MUMBAI: The Bombay High Court directed the Taloja prison authorities on Wednesday to take Jesuit priest Stan Swamy, an accused in the Elgar Parishad-Maoist links case, to the JJ Hospital here for a medical examination.
Swamy, 84, must be examined at the state-run medical facility at 10.30 am on Thursday, it said.
A vacation bench of Justices S J Kathawalla and S P Tavade directed the hospital's dean to form a committee of expert doctors, including a neuro-physician, an ENT specialist, an orthopaedic, a general physician, and other doctor required, to examine Swamy.
The bench also directed the state government to submit a report of the medical examination before the HC by May 21.
The court asked authorities of the Taloja prison in neighbouring Navi Mumbai, where Swamy is lodged, to arrange for him to be produced before the HC via video-conferencing at 4 pm on May 21, if the prison has such facilities.
Swamy had approached the HC earlier this year through senior counsel Mihir Desai, challenging a special court's decision in March wherein the latter rejected his bail sought on medical grounds and on merits.
During the last hearing in the HC on May 4, a bench led by Justice Shinde directed the state authorities to file a report on Swamy's current health condition by May 15.
Advocate Desai had then told the bench that Swamy was arrested in October 2020 and since his arrest, he has remained in the Taloja prison hospital.
Swamy is in the advanced stage of Parkinson's disease, Desai had said.
He has lost the ability to hear, and given the raging COVID-19 pandemic, the court must at least grant Swamy temporary bail, the advocate had said.
On Thursday, the state and the National Investigation Agency (NIA), which is conducting a probe into the Elgar Parishad-Maoist links case, opposed Swamy's bail plea.
The state's counsel, Y P Yagnik, told the HC that Swamy was being taken care of in the prison.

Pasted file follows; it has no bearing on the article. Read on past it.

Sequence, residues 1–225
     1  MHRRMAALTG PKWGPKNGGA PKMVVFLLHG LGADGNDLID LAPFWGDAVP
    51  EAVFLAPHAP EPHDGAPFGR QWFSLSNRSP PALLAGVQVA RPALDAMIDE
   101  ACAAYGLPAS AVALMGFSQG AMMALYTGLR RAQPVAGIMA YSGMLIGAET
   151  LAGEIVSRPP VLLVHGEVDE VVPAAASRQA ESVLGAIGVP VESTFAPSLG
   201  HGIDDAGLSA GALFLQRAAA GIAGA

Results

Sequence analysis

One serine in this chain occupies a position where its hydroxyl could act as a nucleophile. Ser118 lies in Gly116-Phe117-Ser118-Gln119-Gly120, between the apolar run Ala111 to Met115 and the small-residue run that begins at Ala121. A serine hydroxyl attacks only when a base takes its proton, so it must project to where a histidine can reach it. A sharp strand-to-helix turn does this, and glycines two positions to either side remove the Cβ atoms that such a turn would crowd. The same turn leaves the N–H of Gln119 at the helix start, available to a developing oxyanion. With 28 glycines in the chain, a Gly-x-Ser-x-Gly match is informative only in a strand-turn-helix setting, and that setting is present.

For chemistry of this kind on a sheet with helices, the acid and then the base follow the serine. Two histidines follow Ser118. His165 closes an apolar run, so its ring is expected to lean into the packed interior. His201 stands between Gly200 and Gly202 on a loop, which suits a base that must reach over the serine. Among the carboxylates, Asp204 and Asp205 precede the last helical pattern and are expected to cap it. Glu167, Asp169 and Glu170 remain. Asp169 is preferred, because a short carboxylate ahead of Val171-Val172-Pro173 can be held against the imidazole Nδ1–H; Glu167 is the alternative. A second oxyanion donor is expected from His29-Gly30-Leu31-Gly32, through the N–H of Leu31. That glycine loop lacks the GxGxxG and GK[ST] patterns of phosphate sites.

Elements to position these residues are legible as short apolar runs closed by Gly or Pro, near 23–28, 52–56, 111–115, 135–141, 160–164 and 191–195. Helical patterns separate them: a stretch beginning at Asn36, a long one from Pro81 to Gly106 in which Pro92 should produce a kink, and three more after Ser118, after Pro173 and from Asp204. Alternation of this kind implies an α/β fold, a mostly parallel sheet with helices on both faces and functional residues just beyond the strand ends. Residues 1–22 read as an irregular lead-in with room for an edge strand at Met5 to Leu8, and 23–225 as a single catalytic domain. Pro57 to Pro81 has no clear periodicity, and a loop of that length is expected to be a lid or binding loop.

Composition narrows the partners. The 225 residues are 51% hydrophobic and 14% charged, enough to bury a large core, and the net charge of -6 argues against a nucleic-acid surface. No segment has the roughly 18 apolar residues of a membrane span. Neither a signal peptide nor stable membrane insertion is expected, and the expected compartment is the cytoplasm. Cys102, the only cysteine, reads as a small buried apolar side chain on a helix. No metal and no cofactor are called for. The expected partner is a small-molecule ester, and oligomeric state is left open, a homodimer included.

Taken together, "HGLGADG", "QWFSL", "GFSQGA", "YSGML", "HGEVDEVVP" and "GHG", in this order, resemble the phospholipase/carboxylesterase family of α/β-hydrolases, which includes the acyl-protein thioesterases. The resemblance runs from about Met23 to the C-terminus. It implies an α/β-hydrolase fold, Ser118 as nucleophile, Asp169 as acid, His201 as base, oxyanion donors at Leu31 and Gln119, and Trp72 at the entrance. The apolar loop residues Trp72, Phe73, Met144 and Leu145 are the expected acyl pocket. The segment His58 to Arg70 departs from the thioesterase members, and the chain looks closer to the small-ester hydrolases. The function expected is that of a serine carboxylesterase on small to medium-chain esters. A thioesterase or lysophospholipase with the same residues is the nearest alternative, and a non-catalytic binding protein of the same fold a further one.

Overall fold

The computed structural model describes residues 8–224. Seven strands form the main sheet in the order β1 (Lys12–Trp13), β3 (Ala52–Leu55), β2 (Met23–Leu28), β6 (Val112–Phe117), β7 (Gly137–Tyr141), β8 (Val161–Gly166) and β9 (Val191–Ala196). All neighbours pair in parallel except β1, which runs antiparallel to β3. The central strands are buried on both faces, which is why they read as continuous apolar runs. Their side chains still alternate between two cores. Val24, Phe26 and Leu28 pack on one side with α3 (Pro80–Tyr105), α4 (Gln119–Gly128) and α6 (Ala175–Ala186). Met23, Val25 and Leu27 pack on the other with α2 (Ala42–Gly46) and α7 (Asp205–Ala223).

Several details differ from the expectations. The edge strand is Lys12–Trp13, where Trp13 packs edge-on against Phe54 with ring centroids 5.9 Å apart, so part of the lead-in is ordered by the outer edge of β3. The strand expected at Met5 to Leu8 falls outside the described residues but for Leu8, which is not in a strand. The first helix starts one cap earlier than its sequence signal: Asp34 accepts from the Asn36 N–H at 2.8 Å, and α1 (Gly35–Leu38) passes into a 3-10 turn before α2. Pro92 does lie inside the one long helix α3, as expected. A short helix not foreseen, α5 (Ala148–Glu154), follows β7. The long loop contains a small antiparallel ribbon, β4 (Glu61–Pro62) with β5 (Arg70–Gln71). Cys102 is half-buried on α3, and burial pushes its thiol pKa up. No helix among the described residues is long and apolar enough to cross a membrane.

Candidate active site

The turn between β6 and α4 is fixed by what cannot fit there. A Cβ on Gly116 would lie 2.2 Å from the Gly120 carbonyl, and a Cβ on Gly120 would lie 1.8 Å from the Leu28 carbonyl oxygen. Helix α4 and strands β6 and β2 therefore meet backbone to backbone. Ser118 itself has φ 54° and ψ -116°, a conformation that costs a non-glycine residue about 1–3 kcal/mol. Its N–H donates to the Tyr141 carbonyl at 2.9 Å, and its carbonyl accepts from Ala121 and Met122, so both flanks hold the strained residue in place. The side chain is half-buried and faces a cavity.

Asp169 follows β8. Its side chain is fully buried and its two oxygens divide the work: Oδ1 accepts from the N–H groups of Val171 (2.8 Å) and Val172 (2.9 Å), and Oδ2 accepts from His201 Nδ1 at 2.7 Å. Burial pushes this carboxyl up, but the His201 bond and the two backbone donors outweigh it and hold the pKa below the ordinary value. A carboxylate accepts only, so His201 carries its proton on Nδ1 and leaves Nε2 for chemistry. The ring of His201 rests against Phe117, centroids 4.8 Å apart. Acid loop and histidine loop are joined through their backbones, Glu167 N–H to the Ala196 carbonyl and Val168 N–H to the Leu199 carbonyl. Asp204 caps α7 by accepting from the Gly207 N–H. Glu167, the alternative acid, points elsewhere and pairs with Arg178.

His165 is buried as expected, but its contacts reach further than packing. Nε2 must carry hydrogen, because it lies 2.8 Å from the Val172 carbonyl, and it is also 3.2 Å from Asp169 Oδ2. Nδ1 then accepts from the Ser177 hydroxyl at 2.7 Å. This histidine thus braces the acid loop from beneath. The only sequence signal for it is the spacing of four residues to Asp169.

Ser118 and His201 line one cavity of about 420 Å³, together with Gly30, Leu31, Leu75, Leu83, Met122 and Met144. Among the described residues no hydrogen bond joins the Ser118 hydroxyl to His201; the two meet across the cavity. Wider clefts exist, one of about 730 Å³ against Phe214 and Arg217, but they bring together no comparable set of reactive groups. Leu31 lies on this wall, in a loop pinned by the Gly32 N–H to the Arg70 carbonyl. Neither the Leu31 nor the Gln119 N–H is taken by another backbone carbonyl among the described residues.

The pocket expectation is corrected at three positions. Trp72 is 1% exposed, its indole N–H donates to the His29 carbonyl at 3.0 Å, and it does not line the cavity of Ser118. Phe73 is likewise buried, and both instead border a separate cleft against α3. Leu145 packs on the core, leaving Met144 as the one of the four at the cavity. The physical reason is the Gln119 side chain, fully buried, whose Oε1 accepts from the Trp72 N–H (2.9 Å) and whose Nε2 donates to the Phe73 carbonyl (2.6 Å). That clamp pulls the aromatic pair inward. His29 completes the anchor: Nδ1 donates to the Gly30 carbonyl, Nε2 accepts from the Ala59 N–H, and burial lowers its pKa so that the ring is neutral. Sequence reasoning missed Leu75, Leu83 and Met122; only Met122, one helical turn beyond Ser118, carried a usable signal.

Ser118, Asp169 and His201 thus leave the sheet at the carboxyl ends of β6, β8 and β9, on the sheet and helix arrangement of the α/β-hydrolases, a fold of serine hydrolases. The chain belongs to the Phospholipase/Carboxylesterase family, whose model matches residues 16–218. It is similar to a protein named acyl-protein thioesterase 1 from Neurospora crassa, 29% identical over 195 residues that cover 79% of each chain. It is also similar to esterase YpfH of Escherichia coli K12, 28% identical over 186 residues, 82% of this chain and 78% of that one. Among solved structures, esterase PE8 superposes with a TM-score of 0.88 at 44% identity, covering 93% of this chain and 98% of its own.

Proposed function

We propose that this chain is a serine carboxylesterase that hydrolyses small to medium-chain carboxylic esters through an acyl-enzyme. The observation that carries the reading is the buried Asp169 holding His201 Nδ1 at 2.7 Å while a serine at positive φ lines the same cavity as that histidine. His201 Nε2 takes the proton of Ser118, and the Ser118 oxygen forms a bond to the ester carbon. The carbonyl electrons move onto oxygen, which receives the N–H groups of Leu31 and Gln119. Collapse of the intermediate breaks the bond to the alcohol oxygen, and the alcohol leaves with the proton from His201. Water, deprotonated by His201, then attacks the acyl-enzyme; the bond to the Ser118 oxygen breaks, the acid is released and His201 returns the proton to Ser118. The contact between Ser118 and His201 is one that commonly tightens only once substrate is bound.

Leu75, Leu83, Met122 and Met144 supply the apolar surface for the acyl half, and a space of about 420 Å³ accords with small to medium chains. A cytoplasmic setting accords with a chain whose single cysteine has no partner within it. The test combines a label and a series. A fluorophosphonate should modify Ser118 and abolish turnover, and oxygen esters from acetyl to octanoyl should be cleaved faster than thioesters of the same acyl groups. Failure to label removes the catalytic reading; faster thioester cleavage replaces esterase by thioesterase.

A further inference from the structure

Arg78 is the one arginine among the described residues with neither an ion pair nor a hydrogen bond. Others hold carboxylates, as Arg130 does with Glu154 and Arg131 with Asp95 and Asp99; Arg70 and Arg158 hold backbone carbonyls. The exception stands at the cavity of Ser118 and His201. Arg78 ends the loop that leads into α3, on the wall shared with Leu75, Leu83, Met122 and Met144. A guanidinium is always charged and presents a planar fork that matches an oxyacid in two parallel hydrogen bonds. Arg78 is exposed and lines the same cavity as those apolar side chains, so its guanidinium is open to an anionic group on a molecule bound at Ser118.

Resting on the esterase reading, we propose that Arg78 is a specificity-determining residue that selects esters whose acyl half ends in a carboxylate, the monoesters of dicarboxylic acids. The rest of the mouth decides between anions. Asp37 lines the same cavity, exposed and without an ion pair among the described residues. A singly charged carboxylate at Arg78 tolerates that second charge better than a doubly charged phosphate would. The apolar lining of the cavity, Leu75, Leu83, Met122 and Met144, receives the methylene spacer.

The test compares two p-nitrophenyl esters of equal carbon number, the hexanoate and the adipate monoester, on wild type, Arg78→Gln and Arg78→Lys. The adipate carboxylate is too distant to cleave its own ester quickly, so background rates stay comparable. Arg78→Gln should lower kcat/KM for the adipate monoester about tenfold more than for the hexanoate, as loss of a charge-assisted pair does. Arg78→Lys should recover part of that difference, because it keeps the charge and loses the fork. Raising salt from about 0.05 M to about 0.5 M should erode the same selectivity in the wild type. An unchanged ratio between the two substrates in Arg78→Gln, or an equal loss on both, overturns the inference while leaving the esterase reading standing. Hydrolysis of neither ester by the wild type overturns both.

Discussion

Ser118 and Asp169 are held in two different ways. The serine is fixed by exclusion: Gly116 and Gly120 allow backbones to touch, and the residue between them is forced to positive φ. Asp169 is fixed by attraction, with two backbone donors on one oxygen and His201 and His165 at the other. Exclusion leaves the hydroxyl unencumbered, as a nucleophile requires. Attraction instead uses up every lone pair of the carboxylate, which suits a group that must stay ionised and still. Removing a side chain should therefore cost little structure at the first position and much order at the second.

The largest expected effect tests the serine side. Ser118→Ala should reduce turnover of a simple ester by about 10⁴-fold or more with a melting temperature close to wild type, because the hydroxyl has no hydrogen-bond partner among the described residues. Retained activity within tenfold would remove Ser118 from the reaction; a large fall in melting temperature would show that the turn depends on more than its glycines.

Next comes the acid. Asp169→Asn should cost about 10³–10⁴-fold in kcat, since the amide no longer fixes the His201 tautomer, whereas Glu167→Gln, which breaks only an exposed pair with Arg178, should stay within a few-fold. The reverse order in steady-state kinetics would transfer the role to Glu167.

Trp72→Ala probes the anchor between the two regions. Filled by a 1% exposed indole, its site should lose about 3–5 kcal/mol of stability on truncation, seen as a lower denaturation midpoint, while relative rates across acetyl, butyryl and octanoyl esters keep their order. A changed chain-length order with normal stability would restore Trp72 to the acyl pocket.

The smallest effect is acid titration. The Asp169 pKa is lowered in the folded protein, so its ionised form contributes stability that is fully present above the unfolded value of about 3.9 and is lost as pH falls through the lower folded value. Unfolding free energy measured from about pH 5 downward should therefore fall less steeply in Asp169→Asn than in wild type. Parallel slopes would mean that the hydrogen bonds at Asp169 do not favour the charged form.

He said Swamy was being provided hot water for bathing, a sipper cup, hearing aid and two attendants to assist him in the prison.
Yagnik also said Swamy was taken to the JJ Hospital on Tuesday evening and given the first dose of vaccine against COVID-19.
Advocate Desai, however, pointed out that inmates were being administered the vaccine in the prison itself and not in hospitals.
The NIA's counsel, Additional Solicitor General Anil Singh, told the HC that in the past, Swamy himself had expressed satisfaction with the facilities provided to him in the Taloja prison.
But, advocate Desai said Swamy suffered from various medical ailments and his health had further deteriorated in the past few weeks. On May 17, Desai filed a note in the HC, stating that Swamy's health condition was further deteriorating. As per the note, Swamy complained of fever and weakness.
He was taking several allopathic medicines, including anti-biotics prescribed by the Taloja hospital's Ayurveda doctors, it said.
The note reiterated that given his ill-health and severe co-morbidities, Swamy was at the risk of contracting coronavirus infection and his life was under "imminent threat due to his medical condition, advanced age, and lack of medical facilities at the Taloja prison".
The HC will hear the plea further on May 21.
The case relates to alleged inflammatory speeches made at a conclave held in Pune on December 31, 2017, which the police claimed triggered violence the next day near the Koregaon-Bhima war memorial in the district.
The Pune police claimed the conclave was backed by Maoists. The case was later taken over by the NIA. Several other activists, including Sudha Bharadwaj and Varavara Rao, had been arrested in the case.